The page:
Do Scuba Divers Get Attacked By Sharks Often? Assessing the Low Risk




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Are you a scuba diver concerned about the prospect of shark attacks? Despite popular belief, sharks rarely target divers, marking these predators as relatively low-risk. In this blog post, we’ll demystify the statistics and factors that steer away from the common misconception often fueled by Hollywood movies.

Dive into our detailed guide; let’s debunk some myths together!

Key Takeaways

  • Shark attacks on scuba divers are rare and statistically low – risk.
  • Factors such as diving in groups, avoiding high shark population areas, and diving during daylight hours reduce the risk of shark attacks.
  • Sharks are generally uninterested in humans and shy away from them. Scaring a shark can make it more aggressive.
  • Following best practices, staying calm and observant, and educating oneself about shark behavior can help ensure safe scuba diving experiences.

Assessing the Low Risk of Shark Attacks on Scuba Divers

Shark attack statistics show that the risk of scuba divers getting attacked by sharks is actually quite low.

Shark attack statistics

Shark attack statistics substantiate the low risk associated with scuba diving around these marine creatures. Let’s look at some of these statistics that confirm how rare these incidents are.

Annual Worldwide Shark Attack AverageApproximately 80 unprovoked attacks reported per year, with the majority involving surfers not scuba divers.
Worldwide Fatal Shark Attacks AverageOnly about 10 fatalities per annum, with very few implicating divers.
Rarity of Shark Attacks on Scuba DiversShark attacks on scuba divers are extremely infrequent, reflecting a low perceived threat.
Sharks’ interest in humansSharks are primarily uninterested in humans and tend to keep distance, decreasing the likelihood of an attack on divers.
Shark’s reaction to aggressive behaviorSharks can react adversely to attempts to scare them away, potentially escalating the risk.

These figures underscore the fact that shark attacks on scuba divers are not a significant risk factor. In fact, many divers seek out these experiences with the sharks, showing just how safe it can be when precautions are taken.

Factors that reduce the risk

There are several factors that reduce the risk of shark attacks on scuba divers. These include:

  1. Diving in groups: Sharks are less likely to approach a large group of divers compared to a solitary diver.
  2. Avoiding areas with high shark populations: Research and local knowledge can help divers avoid areas where sharks are known to be more active.
  3. Time of day: Most shark attacks occur during dawn, dusk, or at night, so diving during daylight hours can lower the risk.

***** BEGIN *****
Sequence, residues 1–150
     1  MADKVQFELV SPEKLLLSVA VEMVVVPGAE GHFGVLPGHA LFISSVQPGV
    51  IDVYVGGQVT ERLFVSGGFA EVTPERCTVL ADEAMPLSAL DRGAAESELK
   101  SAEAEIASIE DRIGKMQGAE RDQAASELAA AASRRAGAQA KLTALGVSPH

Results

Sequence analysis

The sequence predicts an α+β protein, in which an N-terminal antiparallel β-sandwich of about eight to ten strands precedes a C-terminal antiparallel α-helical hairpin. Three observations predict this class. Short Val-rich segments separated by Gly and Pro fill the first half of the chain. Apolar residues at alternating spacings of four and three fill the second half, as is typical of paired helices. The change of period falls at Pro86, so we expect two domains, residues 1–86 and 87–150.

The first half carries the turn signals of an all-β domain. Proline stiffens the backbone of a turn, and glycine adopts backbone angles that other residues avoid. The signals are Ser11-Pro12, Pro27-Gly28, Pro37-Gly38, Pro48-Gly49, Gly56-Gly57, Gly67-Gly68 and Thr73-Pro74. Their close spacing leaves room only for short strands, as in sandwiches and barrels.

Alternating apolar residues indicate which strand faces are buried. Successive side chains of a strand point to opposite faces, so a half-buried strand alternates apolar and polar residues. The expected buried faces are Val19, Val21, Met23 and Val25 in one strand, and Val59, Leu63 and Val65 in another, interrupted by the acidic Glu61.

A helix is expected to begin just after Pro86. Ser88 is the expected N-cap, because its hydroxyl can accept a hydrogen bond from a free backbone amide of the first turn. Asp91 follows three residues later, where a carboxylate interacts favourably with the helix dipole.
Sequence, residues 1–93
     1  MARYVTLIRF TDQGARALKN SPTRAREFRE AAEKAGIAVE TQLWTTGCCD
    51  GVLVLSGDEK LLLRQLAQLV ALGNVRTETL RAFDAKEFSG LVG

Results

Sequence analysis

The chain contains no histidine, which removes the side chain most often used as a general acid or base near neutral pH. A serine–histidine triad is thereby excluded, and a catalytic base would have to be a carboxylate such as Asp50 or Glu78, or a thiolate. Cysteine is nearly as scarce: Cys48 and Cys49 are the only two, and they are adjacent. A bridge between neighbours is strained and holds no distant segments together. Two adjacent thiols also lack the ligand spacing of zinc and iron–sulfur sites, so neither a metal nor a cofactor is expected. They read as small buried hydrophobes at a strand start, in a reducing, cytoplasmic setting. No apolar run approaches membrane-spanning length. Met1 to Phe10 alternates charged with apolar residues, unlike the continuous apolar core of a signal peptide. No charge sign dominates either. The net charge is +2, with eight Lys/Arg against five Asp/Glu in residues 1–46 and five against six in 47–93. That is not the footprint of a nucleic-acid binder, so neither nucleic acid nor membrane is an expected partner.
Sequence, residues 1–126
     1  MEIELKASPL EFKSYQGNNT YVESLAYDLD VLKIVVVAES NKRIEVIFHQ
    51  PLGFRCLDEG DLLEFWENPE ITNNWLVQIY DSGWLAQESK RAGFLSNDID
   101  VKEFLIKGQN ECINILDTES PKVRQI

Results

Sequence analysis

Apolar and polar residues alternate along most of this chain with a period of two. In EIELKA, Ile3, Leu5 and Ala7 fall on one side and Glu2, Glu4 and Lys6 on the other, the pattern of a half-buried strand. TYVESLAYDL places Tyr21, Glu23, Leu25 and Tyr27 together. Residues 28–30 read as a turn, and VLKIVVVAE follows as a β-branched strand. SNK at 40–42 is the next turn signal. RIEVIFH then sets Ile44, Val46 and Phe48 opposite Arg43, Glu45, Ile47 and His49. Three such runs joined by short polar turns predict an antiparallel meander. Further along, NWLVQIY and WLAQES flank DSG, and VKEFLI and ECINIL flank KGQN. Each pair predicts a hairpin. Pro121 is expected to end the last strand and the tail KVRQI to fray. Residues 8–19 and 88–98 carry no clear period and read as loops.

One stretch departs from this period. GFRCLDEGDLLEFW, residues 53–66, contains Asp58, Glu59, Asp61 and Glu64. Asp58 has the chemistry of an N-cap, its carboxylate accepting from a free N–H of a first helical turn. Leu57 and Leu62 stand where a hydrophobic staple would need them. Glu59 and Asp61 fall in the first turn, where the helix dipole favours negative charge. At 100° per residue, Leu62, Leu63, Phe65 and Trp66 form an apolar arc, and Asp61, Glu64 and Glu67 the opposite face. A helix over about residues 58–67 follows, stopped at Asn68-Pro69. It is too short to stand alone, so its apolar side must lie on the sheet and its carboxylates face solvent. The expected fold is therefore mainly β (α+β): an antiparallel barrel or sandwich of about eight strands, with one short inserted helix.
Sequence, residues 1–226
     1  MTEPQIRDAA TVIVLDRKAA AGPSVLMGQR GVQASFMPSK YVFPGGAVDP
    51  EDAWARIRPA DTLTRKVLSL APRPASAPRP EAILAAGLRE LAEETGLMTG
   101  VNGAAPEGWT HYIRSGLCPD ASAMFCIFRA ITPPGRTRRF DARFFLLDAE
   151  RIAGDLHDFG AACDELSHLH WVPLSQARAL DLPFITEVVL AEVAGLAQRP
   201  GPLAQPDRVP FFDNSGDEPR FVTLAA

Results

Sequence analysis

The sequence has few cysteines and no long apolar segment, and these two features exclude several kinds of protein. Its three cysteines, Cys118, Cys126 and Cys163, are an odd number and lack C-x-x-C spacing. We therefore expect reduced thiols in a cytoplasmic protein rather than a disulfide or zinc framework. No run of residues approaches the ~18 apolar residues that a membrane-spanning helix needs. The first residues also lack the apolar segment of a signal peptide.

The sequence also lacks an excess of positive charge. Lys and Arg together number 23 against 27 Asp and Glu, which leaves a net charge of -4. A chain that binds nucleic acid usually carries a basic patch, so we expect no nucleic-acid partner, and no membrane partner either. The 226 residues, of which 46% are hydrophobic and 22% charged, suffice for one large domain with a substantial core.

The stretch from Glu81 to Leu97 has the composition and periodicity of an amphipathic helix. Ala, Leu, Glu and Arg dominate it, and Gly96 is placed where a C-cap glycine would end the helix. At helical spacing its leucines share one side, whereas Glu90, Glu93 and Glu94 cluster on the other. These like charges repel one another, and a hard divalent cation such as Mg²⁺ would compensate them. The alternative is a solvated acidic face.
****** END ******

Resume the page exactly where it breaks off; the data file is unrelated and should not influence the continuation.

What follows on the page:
4. Avoiding wearing shiny jewelry or bright-colored clothing: These can attract sharks due to their reflective nature.
  5. Staying away from areas with bait or fishing activity: This can attract sharks as they associate it with food.

Shark behavior around divers

A school of sharks peacefully swims around a group of divers in an underwater wildlife photography shot.

Sharks have a certain behavior around divers. They usually don’t see divers as food, so they are not typically interested in attacking them. In fact, sharks often shy away from humans and show little interest in them.

It’s important to note that scaring a shark can actually make it more aggressive, so it’s best to stay calm and avoid making sudden movements when diving with these creatures. Some people even seek out opportunities to dive with sharks because they find the experience thrilling.

Overall, while there is always some risk involved, if we take proper precautions and respect their space, interactions between sharks and divers can be safe and enjoyable.

Tips for Scuba Divers to Stay Safe from Shark Attacks

A diver explores a vibrant coral reef with sharks swimming peacefully in the background, captured in high-quality detail.

Scuba divers can stay safe from shark attacks by following best practices, remaining calm and observant, and educating themselves about shark behavior.

Following best practices

Here are some tips to follow when scuba diving to stay safe:

  1. Always dive with a buddy – it’s safer and more fun!
  2. Before diving, check that your equipment is in good condition and properly working.
  3. Plan your dive and communicate it with your buddy, including setting a maximum depth and time limit.
  4. Keep an eye on your air supply and make sure to ascend before it gets too low.